Anatomic basis of radical cystectomy and orthotopic urinary diversion in female patients

Marisa M. Clifton, Matthew K. Tollefson

Research output: Contribution to journalArticle

8 Citations (Scopus)

Abstract

Long considered oncologically hazardous or functionally damaging, radical cystectomy with orthotopic urinary diversion is the accepted standard of care for invasive bladder cancer. A number of anatomical and clinical observations have come together to make orthotopic urinary diversion possible for female patients. Not only have these observations led to the development of an oncologically safe, low-pressure reservoir for urine, but also have improved the postoperative quality of life. Urethral sparing technique is safe for patients without bladder neck or trigonal tumors. Furthermore, improved understanding of the female urethral rhabdosphincter has decreased the likelihood of postoperative urinary incontinence. Finally, female sexual function may be preserved in patients who undergo preservation of the neurovascular tissue lateral to the vagina. These improvements have solidified orthotopic urinary diversion as the procedure of choice for selected female patients requiring radical cystectomy.

Original languageEnglish (US)
Pages (from-to)105-109
Number of pages5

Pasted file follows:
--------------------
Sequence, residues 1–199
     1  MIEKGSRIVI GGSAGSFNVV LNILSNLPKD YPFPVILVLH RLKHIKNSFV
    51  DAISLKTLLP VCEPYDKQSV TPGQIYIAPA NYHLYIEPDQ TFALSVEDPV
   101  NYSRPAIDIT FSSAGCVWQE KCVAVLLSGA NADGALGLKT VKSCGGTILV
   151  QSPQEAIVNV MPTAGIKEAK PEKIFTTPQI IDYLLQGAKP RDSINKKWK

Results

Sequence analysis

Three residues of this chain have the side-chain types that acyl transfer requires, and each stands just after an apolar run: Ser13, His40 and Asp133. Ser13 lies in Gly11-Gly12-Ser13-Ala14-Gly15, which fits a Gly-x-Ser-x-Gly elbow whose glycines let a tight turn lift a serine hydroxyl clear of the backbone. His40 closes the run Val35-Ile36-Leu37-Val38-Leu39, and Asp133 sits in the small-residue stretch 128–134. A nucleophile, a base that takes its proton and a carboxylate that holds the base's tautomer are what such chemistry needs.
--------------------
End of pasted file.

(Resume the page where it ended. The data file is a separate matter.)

JournalClinical Anatomy
Volume26
Issue number1
DOIs
StatePublished - Jan 2013

Fingerprint

Urinary Diversion
Cystectomy
Tissue Preservation
Urinary Incontinence
Vagina
Standard of Care
Urinary Bladder Neoplasms
Urinary Bladder
Quality of Life
Urine
Pressure
Neoplasms

Keywords

  • orthotopic urinary diversion
  • radical cystectomy
  • women

ASJC Scopus subject areas

  • Anatomy
  • Histology

Cite this

Anatomic basis of radical cystectomy and orthotopic urinary diversion in female patients. / Clifton, Marisa M.; Tollefson, Matthew K.

In: Clinical Anatomy, Vol. 26, No. 1, 01.2013, p. 105-109.

Research output: Contribution to journalArticle

Clifton, Marisa M. ; Tollefson, Matthew K. / Anatomic basis of radical cystectomy and orthotopic urinary diversion in female patients. In: Clinical Anatomy. 2013 ; Vol. 26, No. 1. pp. 105-109.
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